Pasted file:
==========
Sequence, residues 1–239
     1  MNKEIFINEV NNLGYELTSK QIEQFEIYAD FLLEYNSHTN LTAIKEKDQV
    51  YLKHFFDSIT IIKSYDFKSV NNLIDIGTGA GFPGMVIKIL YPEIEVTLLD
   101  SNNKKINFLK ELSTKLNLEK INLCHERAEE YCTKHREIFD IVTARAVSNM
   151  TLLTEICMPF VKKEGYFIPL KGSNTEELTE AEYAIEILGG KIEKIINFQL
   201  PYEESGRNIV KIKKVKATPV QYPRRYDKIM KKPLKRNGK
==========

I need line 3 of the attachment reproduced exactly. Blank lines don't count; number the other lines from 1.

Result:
    51  YLKHFFDSIT IIKSYDFKSV NNLIDIGTGA GFPGMVIKIL YPEIEVTLLD